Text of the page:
By Jack Holland
It was approaching 11 a.m. on Friday, Dec. 15, and on the floor of the New York Mercantile Exchange commodities trader John Fitzgerald, 41, was watching the price of natural gas go over the $8 mark and shaking his head in amazement. The cost of the fuel had effectively doubled in six weeks and its rise showed no signs of halting. On the tiers around the natural gas trading pit, more than 200 traders where frantically signaling and shouting as behind them on the board the last registered price was inexorably replaced by a higher one.
Around the gesticulating traders, a flurry of white paper fell like confetti as bids were flung into the apron on the floor of the pit, where they are collected and registered by the clerks. When the price hit $8.14, the market decided to shut down for 15 minutes. And then John Fitzgerald — who has been a trader here for 15 years and earned himself the nickname Fitzburgh among his fellow traders, many of whom are Jewish — began talking about what was really on his mind with just 10 days to go before Christmas: toys, of course.
Not toys for his own family (he has two children), but for kids in Northern Ireland. For almost a decade, he has been rounding up traders at NYMEX, persuading them to contribute to the Irish Children’s Christmas Fund.
Every November, before Thanksgiving, he stands at the exit of the trading floor, around lunchtime, a green pledge sheet in hand, and waits.
"I have a list with how much they gave last year," Fitzgerald said. "Nine out of 10 guys here contribute."
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This year they gave close to $30,000. The contributions, which are tax deductible, are passed on to Vicki O’Connell. Along with her late husband, John, she helped organize the fund for the toy drive beginning in the 1980s, when it was done under auspices of the Irish American Unity Conference. One of Fitzgerald’s fellow traders, Jim Narin, read about their work in the Bergen Record newspaper. Both men decided they could help out. It soon became part of their pre-Christmas ritual.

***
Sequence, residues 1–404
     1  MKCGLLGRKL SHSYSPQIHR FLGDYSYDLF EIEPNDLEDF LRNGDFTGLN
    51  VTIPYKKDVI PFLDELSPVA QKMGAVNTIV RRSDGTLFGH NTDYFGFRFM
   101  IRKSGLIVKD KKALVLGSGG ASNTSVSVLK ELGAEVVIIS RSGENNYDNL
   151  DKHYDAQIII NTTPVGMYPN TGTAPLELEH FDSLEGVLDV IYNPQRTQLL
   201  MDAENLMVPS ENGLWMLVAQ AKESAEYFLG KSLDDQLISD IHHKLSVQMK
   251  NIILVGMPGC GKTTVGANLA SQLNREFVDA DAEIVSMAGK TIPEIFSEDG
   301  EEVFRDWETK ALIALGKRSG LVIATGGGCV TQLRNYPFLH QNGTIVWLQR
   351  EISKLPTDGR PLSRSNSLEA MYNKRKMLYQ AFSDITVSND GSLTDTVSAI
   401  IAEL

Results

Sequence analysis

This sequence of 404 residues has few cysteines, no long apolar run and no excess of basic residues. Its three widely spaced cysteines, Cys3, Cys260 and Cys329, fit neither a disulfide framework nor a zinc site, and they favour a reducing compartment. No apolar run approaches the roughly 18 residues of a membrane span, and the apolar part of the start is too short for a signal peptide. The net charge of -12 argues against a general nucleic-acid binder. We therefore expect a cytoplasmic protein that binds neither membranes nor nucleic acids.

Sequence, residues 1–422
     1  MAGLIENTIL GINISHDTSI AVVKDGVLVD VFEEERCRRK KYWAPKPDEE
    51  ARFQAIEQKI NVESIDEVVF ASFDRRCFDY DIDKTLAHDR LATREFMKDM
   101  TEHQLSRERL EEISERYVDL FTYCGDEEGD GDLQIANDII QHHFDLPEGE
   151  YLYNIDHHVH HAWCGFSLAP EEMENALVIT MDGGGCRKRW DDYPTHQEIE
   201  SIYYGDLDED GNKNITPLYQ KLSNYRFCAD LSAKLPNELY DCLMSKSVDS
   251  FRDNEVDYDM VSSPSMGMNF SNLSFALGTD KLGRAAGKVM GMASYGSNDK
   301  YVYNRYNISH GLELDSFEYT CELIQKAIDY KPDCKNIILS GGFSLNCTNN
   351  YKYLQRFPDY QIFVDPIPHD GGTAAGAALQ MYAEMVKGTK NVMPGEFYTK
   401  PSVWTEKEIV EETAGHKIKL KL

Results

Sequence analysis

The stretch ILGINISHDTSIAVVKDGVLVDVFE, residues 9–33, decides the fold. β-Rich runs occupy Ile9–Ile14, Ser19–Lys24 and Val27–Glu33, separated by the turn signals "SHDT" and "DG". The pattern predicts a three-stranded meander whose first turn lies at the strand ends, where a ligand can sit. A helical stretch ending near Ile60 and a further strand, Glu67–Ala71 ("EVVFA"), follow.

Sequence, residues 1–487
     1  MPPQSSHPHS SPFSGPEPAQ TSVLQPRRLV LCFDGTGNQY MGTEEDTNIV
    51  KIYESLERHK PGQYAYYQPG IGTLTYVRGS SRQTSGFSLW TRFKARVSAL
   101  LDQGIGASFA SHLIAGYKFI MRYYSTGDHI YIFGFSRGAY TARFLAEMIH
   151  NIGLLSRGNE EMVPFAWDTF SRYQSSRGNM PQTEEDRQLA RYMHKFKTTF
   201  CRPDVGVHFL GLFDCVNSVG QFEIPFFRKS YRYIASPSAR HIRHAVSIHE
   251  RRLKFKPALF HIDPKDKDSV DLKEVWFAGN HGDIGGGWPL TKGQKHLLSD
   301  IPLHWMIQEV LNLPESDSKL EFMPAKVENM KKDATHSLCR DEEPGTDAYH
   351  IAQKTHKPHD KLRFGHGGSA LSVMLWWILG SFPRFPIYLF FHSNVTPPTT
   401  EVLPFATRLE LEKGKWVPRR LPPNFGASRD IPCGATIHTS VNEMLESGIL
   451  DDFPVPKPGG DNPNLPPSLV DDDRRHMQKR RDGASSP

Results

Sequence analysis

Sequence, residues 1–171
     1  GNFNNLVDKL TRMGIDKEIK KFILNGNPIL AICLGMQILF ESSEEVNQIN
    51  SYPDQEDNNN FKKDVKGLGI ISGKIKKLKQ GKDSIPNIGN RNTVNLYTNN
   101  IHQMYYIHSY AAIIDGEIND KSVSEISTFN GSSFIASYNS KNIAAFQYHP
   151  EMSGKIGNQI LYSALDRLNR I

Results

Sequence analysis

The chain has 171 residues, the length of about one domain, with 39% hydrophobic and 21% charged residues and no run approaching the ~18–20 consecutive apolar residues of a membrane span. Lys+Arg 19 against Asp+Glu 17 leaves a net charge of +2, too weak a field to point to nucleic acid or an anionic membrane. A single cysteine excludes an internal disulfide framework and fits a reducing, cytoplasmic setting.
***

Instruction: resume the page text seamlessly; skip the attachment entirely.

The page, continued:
With the money collected, on the Saturday before Thanksgiving, O’Connell and members of the toy fund, drive to Wall Mart in Piscataway, N.J. The staff provides donuts and coffee, and a 10 percent discount on the toys. Then the shopping begins. The purchased toys are packed in boxes and driven straight to Kennedy Airport, where Aer Lingus ships them for free to Ireland. The toys are handed over to the St. Vincent De Paul Society in the North, which distributes them among needy children.
"John and his pals on the floor have doubled the money we’ve been able to collect," O’Connell said.
"It is always a great joy to see the parents sigh with relief when they see the toys which you have generously sent," wrote one worker with the St. Vincent De Paul Society in Crossmaglen, South Armagh.
Some of the main contributors are introduced as they scurry around the paper-littered floor — Kevin McDonnell, Denis Maloney, Dominick Viola, Adam Hirsch, Jimmy Reicher, Joe Lehey, Alfredo Dinten, the brothers James and Brian Smith, Steve Karvellas, Mark Fisher, Tommy McGuinness, and Marty Quinn, to name a few. Each wears a badge with a name tag. One mountain of a man has "BORU" written on his.
He is introduced as another contributor.
"This is Brian," said Fitzgerald, whose own name tag is "FITZ."
"My real name is Brian Sheehy," Boru explained, grinning, "but when I’m down in the trading pit I feel more like Brian Boru at the battle of Clontarf. I could do with his 60-pound sword sometimes."
The traders are an eclectic New York mix — people of Jewish, German, Italian, African, Latino, Greek and Irish descent. Their backgrounds are as diverse. Some were cab drivers, teachers, accountants or lawyers before becoming commodity traders; Brian Boru was a rugby player. According to Fitzgerald, it doesn’t matter, come November and the time to contribute.
From the 10th floor, where the NYMEX restaurant is located, there is a splendid view out over New York Harbor to Ellis Island. Fitzgerald recounts how his grandparents James Curry and Molly McDonaugh arrived there from Mayo in 1916.
"You can’t loose sight of where you came from," he said, before going down to rejoin the never-ending battle in the natural gas pit.
Donations to the Irish Children’s Christmas Fund can be sent to NYMEX, Attention of Broker Fitz, 1 North End Ave., Box 184, NY, NY 10282.